Mar 08, 2021
4 mins read
This is a rough transcript of an interview with Yoshiyuki Sadamoto in 1997.
A subtitled interview with Sadamoto can be seen here.
Thank you very much. I hope you enjoy it.
Yoshiyuki Sadamoto Illustrations [Saturn] by Gainax
Digital art collection software by Yoshiyuki Sadamoto, the character designer for Neon Genesis Evangelion and others.
1962 Born on January 29, in Tokuyama City (now Shunan City), Yamaguchi Prefecture
1984 Graduated from Tokyo Zokei University, Department of Fine Arts
Participated in the establishment of GAINAX in December of the same year
At the age of 22, worked as a character designer and art director for "Royal Space Force: The Wings of Honnêamise".
1989 “Nadia, The Secret of Blue Water” character design
1991 Serialized "R20" in Monthly Newtype Magazine
1992 "Uru in Blue" character design
1994 "Neon Genesis EVANGELION" started serialization in Monthly Shonen Ace.
Currently active in a wide range of fields including animation, comics, and illustration.
Royal Space Force: The Wings of Honnêamise
Released in March 1987, animated feature film
Now that I think about it, I wonder how frowzy the Royal Space Force pictures are.
This picture is not really my taste, or maybe it's a new challenge for me, and I had to struggle with it.
In short, it is a picture that I drew while studying, rather than just using my existing personal style.
Riquinni was the only one who didn't have a model.
I made it very fictional. In my mind.
"There must be a kid like this," I imagined.
When I designed Riquinni, rather than thinking of her as a cute character from Shirotsugh's point of view, from my point of view I was thinking, "If a girl like her was religious and tried to recruit me, I'd be more interested in her herself than the content of her religion." That's how I feel.
I didn't have any know-how at all, so I started with as much realism as possible, like drawing lots of portraits of the people around me.
Perhaps the unique frowzy of the Royal Space Force is, in essence, the frowzy of the people who were around me. I think that's what it is.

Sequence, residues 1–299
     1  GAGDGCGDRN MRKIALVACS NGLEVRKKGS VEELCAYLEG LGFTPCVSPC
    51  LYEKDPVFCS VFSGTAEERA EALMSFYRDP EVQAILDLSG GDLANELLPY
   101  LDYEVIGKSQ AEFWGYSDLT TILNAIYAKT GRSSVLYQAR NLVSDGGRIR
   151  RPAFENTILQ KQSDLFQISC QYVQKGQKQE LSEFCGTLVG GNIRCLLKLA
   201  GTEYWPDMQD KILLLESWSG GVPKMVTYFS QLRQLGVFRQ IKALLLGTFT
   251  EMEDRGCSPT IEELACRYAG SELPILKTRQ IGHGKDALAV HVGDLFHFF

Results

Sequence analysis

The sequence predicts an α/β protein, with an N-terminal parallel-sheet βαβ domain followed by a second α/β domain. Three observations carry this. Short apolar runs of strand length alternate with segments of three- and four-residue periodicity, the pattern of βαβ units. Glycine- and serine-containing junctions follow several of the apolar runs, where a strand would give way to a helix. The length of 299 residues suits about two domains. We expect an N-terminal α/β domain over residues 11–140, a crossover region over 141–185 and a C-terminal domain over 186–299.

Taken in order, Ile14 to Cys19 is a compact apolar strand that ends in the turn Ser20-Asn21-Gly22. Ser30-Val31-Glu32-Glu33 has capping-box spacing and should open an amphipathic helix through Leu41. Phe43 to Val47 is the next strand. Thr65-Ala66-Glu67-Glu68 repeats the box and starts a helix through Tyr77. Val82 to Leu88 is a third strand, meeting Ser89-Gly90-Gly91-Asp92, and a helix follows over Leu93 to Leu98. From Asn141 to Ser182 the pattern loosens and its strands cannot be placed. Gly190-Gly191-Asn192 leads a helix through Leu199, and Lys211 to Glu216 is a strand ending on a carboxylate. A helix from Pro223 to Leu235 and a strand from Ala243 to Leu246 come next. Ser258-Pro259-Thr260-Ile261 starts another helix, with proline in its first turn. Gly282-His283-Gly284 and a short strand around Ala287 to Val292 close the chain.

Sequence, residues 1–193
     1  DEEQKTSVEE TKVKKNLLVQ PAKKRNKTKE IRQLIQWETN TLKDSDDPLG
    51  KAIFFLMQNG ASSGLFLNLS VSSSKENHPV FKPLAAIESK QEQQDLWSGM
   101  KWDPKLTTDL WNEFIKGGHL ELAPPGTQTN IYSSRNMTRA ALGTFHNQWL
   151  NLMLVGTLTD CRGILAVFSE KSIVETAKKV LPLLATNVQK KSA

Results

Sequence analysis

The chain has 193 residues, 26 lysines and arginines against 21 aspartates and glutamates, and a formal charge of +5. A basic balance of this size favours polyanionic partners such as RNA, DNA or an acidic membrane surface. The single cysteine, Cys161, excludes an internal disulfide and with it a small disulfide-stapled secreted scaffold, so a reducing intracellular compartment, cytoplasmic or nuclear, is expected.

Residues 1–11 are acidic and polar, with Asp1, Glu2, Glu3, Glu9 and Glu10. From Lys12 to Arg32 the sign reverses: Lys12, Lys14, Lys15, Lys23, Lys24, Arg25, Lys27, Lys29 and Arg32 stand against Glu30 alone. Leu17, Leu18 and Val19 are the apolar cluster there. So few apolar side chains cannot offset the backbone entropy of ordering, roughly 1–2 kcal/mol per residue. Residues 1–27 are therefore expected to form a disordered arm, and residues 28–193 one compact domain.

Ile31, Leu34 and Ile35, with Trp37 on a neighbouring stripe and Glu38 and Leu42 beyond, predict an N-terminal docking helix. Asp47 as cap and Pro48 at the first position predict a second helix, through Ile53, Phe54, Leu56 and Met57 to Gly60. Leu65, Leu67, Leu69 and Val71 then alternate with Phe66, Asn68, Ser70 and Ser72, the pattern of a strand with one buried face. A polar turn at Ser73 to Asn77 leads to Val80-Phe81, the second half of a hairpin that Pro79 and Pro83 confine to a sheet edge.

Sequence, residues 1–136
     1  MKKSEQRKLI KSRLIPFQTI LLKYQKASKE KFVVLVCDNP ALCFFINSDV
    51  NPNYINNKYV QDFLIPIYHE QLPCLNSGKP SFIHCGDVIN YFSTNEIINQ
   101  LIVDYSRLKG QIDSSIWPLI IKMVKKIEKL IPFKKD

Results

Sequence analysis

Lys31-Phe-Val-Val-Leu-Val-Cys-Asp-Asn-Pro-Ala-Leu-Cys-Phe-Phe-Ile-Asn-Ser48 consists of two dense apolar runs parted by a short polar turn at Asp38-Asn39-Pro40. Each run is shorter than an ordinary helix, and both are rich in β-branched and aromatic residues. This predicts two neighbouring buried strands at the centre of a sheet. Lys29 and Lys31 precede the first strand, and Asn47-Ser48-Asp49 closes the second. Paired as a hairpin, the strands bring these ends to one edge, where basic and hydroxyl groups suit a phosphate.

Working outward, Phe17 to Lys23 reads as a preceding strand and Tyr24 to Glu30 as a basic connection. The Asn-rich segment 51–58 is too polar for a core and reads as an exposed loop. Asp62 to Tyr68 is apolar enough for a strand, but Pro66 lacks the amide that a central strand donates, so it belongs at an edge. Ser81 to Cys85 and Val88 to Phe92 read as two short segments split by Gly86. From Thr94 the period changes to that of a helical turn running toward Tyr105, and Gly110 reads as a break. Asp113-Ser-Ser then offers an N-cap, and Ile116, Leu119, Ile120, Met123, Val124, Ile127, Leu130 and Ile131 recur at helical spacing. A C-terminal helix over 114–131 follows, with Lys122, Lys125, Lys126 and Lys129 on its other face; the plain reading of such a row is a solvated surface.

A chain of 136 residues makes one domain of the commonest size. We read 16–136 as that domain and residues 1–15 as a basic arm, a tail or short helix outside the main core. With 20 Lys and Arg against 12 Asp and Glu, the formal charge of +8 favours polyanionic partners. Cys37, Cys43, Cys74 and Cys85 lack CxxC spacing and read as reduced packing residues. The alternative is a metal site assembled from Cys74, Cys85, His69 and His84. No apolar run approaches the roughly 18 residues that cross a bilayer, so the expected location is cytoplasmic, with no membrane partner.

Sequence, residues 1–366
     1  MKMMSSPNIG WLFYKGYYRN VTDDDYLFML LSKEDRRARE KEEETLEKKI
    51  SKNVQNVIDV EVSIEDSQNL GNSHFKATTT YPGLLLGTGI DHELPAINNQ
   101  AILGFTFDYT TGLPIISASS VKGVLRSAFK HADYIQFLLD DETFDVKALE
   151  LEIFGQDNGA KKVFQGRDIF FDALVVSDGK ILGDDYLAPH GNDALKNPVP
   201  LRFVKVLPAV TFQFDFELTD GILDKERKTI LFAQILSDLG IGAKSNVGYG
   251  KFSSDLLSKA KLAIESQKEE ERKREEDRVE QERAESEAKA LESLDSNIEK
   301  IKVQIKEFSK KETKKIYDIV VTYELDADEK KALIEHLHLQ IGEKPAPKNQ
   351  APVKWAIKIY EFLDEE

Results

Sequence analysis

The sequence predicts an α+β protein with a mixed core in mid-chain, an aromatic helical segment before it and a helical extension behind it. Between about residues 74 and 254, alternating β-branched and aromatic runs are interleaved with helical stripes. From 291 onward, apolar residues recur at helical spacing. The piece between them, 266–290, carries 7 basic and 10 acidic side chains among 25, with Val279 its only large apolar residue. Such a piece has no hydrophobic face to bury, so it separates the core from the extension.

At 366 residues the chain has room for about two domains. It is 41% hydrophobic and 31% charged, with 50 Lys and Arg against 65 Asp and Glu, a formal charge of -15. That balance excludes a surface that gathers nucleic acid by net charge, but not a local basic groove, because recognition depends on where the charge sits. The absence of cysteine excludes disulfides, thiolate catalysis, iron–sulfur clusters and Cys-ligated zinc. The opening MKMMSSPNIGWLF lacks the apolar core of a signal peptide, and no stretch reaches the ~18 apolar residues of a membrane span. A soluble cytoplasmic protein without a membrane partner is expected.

Nadia, The Secret of Blue Water
April 1990 - April 1991, TV animation series
Depending on the resolution, to what extent should the picture be drawn clearly? Will it be shown as a picture?
Or is it something to be shown as a cell, with a person adding animation, coloring, and passing it through a monitor?
It's all a matter of what I'm trying to keep in my mind when I'm drawing, so if I'm drawing a cel for a TV series and it's later printed out as a picture, there's a lot of cases where I say, "Oh no".
However, illustrations for packages and the like are always seen as still pictures, so I try to draw them as well as I can when time permits.
I see the cels as they are in animation, in other words, as pictures in animation. There's a portrait aspect to it.
On the other hand, with illustrations, I'm more conscious of the expansion of the image.
For example, there are no pictures like that in the animation, but there might have been a scene like that, so I try to create a supplementary image.
I wanted to depict something like the expansion of space associated with animation, including time.
In the case of illustrations, unlike cells, I can pursue a sense of reality.
I think that a cell is a film, with music, voice actors, and other things that add to the overall sense of reality.
When it comes to illustrations, I have to pursue a sense of reality in a single picture, and then I think that a cell is just a cell.
In my mind, a sense of reality is closer to that of an illustration.
So, in my mind, the cell and the illustration are connected.
A story is created by the images you see when you look at the pictures. Therefore, the first image board is very important.
I believe that it may even influence the world view of the story.
It's a kind of a post-apocalyptic story of the last episode, which is too peaceful, from my point of view.
The pictures of Electra and Mari's later stories. I don't know, I guess. They are the stories of people who lived through those times and struggled to survive. I didn't want it to be just a cheerful story.
I wanted to draw pictures that would make people feel the depth of life, or something like that.
As for the last part of the animation, I think that's fine.
I'm sure they had a more difficult time before they got there.
When I draw, the first priority is to create a picture that I want to see.
It also depends on what I'm interested in at that time.
If I was interested in sidecars, which is totally different from Nadia, I would want to draw this somehow.
Jean, too, if you look at him, you'll think it's Norman Rockwell.
It's just like a Norman Rockwell painting, but this one is exactly like that. I made it with that in mind.
At that time, I thought Norman Rockwell was good, so I made it with that in mind.
The painting itself, I think that's what motivated me to draw when I was a kid.
You want a car, you want to ride in a car, you want to fly in an airplane. So you draw.
That's still my motivation for drawing pictures, I think.
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